Another factor to love is that Kinnard is a dominant run blocker. If the Giants really want to focus on extrapolating on Saquon Barkley’s skill set, having a powerful front five makes a ton of sense. At the NFL level, Darian will be forced to take on very physical interior defenders, and thankfully he’s known for throwing around 300-pound human beings.

81.) Ohio State TE – Jeremy Ruckert

After allowing Evan Engram to walk in free agency this off-season and cutting Kyle Rudolph for financial reasons, the Giants will likely target a tight end in the draft. Now that we are in the fourth round, the Giants have a few options on the board, but Ohio State tight end Jeremy Ruckert stands out as a potential fit with new TE coach Andy Bischoff.

Ruckert was a hidden force at OSU, not being used frequently in the passing game, but he has phenomenal hands and upside as a blocker. He tallied 309 yards and three touchdown receptions last year.

Ruckert is known for his run blocking, capable of moving defenders at the point of attack. That is an extremely exciting attribute considering he also has underrated receiving abilities.

Reminiscing about Engram’s drops in the middle of the field, Ruckert dominated that portion, giving Daniel Jones a great security blanket underneath.

112.) Alabama RB – Brian Robinson Jr.

There have been reports that the Giants are intrigued by Georgia running back James Cook, but there’s an argument to be made that drafting a bruising option like Brian Robinson out of Alabama could be just as beneficial. In short-yardage situations, Robinson could be a great fit for Big Blue. His big frame also makes him a solid pass-protector, a category Barkley struggles with routinely.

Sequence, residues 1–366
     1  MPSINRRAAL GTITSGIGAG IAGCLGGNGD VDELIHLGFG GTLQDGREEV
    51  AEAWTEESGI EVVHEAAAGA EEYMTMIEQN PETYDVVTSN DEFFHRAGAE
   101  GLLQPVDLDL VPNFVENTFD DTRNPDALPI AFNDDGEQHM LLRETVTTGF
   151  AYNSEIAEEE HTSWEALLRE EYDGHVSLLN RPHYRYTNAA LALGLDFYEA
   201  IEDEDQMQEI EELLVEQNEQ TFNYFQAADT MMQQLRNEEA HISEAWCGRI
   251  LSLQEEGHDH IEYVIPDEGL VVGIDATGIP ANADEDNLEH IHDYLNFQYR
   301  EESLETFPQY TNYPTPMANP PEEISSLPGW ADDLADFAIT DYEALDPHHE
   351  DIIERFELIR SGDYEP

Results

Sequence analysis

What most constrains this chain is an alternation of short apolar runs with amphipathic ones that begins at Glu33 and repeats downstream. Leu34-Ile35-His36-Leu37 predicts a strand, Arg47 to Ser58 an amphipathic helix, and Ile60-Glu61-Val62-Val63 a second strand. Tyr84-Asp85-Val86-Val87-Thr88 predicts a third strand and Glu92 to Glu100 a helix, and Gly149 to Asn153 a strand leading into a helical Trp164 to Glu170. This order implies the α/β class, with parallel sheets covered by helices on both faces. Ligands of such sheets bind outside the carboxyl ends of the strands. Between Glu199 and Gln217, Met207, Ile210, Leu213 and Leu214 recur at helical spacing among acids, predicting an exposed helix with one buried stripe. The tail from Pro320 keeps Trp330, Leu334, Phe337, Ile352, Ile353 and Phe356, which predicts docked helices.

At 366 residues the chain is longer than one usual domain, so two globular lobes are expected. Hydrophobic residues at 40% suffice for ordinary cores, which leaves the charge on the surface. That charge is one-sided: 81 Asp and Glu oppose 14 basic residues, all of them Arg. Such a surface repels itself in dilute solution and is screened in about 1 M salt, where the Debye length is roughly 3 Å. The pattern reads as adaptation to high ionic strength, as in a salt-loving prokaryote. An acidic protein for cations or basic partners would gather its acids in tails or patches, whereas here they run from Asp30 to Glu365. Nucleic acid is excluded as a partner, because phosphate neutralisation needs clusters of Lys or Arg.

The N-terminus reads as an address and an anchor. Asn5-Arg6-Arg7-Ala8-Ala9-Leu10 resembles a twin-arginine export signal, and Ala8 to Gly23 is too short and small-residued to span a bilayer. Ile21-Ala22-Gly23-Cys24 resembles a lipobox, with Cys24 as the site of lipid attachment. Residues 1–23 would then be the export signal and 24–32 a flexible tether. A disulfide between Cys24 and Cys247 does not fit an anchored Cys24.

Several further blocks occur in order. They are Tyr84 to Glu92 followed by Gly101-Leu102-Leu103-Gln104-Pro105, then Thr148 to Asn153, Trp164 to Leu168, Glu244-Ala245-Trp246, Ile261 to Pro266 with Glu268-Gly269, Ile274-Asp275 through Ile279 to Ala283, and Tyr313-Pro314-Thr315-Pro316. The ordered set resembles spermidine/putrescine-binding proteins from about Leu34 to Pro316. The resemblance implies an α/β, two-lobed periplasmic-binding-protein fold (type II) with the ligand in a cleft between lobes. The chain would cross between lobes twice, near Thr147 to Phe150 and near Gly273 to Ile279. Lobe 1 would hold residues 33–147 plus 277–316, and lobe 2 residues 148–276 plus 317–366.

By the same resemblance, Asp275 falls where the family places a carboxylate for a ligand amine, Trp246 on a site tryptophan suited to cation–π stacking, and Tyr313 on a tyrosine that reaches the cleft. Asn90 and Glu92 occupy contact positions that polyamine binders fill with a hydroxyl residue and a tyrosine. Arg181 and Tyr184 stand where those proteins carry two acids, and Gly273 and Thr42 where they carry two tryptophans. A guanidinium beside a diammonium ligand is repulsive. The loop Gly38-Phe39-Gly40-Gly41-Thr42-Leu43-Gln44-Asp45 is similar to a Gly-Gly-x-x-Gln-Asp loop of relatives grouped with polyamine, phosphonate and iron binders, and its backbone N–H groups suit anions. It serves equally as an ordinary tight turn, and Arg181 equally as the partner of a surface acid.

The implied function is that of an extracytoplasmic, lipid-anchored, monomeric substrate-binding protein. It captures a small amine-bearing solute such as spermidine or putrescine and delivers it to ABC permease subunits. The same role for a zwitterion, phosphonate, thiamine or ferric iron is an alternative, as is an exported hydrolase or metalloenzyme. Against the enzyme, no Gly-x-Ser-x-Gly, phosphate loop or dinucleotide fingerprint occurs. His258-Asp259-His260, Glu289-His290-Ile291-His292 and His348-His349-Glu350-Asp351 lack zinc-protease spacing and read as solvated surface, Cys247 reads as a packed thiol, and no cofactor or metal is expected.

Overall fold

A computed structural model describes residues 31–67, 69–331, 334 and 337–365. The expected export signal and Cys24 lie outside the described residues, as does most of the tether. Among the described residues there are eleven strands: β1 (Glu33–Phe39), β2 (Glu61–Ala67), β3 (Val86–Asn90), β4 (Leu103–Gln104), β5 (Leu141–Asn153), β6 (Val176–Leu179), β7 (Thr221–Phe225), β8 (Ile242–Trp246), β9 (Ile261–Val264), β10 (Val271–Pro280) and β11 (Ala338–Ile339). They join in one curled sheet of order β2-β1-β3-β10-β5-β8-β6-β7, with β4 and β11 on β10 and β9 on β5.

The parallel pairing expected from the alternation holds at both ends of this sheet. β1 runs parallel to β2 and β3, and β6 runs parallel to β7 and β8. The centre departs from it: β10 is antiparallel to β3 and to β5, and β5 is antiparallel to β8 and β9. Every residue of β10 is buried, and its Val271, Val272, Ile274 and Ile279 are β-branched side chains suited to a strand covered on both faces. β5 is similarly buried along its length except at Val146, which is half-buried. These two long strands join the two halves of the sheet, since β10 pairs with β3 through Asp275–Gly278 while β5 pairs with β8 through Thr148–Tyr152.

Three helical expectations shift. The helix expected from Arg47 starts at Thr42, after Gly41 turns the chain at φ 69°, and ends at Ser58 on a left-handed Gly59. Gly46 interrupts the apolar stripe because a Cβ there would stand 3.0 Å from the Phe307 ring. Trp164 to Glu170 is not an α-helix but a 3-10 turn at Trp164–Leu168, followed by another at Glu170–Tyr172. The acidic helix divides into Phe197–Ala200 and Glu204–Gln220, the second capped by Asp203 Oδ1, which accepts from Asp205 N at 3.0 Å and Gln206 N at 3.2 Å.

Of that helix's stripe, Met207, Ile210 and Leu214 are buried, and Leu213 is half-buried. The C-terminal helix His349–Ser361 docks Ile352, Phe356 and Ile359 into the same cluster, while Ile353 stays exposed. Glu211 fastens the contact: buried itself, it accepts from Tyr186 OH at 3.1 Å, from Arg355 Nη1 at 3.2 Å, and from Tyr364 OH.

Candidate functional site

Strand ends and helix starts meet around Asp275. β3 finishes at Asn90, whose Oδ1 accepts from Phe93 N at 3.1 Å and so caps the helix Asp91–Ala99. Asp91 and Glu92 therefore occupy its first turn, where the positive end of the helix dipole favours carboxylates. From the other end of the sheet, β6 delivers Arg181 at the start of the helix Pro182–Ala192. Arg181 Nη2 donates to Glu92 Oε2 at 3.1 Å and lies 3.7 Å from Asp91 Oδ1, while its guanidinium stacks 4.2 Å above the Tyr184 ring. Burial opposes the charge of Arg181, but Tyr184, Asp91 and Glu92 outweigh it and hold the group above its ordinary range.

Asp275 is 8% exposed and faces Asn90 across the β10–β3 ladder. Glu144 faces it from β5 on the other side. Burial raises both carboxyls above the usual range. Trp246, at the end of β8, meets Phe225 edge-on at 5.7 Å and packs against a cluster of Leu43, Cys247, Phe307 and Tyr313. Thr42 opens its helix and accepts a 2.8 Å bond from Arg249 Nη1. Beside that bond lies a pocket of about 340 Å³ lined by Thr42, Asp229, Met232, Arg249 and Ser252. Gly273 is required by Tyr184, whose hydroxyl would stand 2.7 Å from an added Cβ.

Robinson recorded 1343 yards rushing last year and 14 touchdowns, meaning he’s accomplished back of the collegiate level.

147.) Clemson WR – Justyn Ross

Justyn Ross is an interesting player who had his best season as a freshman but failed to improve in future campaigns. Last year, he only recorded 514 yards receiving and three touchdowns, but he has a good frame at 6’4″ and 210 pounds. Ross isn’t limited by a strict route tree, and inconsistencies at quarterback disrupted his flow.

Looking at Kenny Golladay and his frame, the Giants, may be intrigued by Ross as a developmental prospect who might be able to fill the possession receiver role to supplement injury. Ross only dropped one pass last year, so he has solid hands.

173.) Sam Houston State CB – Zyon McCollum

Since we haven’t addressed the cornerback position in this draft, Sam Houston State DB Zyon McCollum is a nice developmental prospect to consider in the late rounds. At 6’2″ and 199 pounds, McCollum has a solid frame and plenty of experience as a five-year starter.

At the Senior Bowl, McCollum struggled against better competition, but he is an extraordinary athlete who could become a serviceable player if given the right coaching.

182.) Western Kentucky QB – Bailey Zappe 

Not many players have thrown 62 touchdown passes and nearly 6,000 yards in a season, but Western Kentucky quarterback Bailey Zappe accomplished that last year. At 6’1″ and 220 pounds, Zappe isn’t the ideal quarterback regarding frame, but his statistics speak for themselves, and he is a well-tested quarterback at the collegiate level.

If the Giants find him on the board in the seventh round, taking a flyer on him isn’t a bad idea. Zappe understands leverage and has solid accuracy, completing nearly 70% of his passes last year. He doesn’t have the strongest arm and is limited with his mobility in the pocket, but with a good offensive line in front of him and time, he has the IQ to get the ball where it needs to go in the short to intermediate ranges.

At first glance, he feels like a knockoff Mac Jones.